By Anna Lembke, MD - assistant professor of psychiatry and behavioral sciences at Stanford
My recent trip to Washington D.C. to speak before a congressional subcommittee on the problem of opioid misuse was all about unmet expectations.
First of all, I never expected to get invited to testify for the U.S. Congress. A 2012 article I wrote in the New England Journal of Medicine on the problem of doctors over-prescribing opioids to patients was picked up by Washington Post journalist Charles Lane in a piece he did, “The legal drug epidemic,” which was subsequently read by Alan Slobodin, chief investigative counsel for the House Committee on Energy and Commerce. Slobodin then sent a message to my in-box asking to “discuss the opioid abuse problem.” I almost deleted it as a hoax. But Keith Humphreys, PhD, my mentor and chief of the mental health policy section in our department, assured me it was real.
Second, not really understanding how government works beyond what I learned from the animated musical cartoon “I’m Just a Bill” when I was seven years old, and being a regular reader of the New York Times, which has almost convinced me that everyone in Washington is against everyone else and nothing ever gets done, I prepared myself for the possibility that various members of the committee might just be looking for sound bites to support their pre-ordained opinions. I was wrong.
Slobodin and his staff were curious, earnest, intelligent, and dedicated to understanding the opioid problem at the deepest level. At the hearing itself, where I and other experts testified on the problem of opioid misuse, overdose, and addiction, Congressman Tim Murphy (R-PA), and Congresswoman Diana DeGette (D-CO) didn’t go for each other’s jugular like a couple of vampires out of Twilight, which I thought might happen. Instead, they were courteous, collegial, and again, struck me as truly dedicated to ameliorating the problem of addiction in this country.
Third and finally, I didn’t imagine that my testimony would make much of a difference, yet some of my suggestions were picked up by members of the committee, including Bridgette DeHart, a senior policy advisor for Congresswoman Yvette D. Clarke (D-NY). DeHart is a whip-smart young woman who in ten minutes of conversation conveyed to me her sophisticated understanding of the opioid epidemic. She talked about incorporating one of my suggestions – mandating physician education on the use of Prescription Drug Monitoring Databases (PDMDs) at the time of DEA-licensure – into a larger bill that Clarke and her team are working on.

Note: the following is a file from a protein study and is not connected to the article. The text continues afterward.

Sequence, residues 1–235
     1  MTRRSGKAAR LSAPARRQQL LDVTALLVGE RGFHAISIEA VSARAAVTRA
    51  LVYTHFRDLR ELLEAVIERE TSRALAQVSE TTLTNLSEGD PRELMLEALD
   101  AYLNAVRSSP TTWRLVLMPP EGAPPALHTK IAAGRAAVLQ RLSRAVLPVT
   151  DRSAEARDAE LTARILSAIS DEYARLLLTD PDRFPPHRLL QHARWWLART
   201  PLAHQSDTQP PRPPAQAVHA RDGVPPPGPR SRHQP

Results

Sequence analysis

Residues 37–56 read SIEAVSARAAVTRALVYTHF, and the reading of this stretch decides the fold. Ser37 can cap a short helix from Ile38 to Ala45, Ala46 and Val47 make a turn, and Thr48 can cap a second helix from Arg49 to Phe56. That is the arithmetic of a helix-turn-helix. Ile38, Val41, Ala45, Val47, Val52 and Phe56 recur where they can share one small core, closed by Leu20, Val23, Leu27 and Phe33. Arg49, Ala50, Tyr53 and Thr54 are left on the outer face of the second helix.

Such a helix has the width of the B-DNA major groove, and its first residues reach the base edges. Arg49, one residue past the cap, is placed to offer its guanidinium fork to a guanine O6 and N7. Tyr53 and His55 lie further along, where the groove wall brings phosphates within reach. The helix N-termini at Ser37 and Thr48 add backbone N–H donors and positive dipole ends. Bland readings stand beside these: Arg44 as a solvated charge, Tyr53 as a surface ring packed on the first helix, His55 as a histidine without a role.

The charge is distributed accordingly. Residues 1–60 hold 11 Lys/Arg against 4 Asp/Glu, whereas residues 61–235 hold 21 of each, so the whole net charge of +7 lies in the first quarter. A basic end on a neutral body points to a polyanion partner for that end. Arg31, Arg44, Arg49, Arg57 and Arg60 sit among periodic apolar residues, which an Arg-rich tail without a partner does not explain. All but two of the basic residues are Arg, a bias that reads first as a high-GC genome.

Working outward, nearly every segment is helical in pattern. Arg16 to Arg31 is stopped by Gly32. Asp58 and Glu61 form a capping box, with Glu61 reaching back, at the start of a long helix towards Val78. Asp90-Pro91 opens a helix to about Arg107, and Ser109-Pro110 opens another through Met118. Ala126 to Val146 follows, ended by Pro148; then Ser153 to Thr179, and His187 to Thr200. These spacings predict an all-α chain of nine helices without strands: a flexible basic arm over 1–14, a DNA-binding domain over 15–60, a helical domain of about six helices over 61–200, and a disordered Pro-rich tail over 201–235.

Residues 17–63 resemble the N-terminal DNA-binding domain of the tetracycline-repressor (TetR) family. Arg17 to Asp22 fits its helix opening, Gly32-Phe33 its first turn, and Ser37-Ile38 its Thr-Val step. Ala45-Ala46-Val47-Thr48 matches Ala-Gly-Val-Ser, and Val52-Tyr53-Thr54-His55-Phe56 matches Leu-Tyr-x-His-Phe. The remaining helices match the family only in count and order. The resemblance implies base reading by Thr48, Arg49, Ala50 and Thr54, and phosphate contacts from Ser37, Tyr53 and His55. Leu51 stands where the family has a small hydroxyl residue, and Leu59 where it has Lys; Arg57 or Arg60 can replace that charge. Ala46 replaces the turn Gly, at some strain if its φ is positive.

PDMDs allow doctors to know all the prescriptions a patient has received for a potentially addictive medication within a given time period, usually 12 months, and within a given geographic region, usually the state. When doctors access PDMDs before prescribing, they can see whether their patient has been “doctor shopping” – going around to multiple prescribers for the same or similar medication, a clear signal of prescription drug misuse, diversion (selling or giving away to others), or addiction, as well as who is getting early refills, or who might be at higher risk of overdose due to various drug combinations, such as combining opioids like Vicodin with benzodiazepines like Valium.
Data show that when prescribers use PDMDs, rates of prescription drug misuse go down. However, only 35 percent of doctors who prescribe controlled substances make use of PDMDs. The DEA license is what allows a doctor to prescribe controlled medications (addictive medications). By mandating physician education on how to use PDMDs at the time of obtaining a DEA license, usually early in a doctor’s career, we can influence their awareness of, facility with, and utility of such databases, and thereby increase the likelihood they will use PDMDs. In other words, if we’re going to give doctors a license to kill, they better know how to use it.
So my trip to D.C. didn’t meet my expectations: I went in a skeptic, and I came out inspired.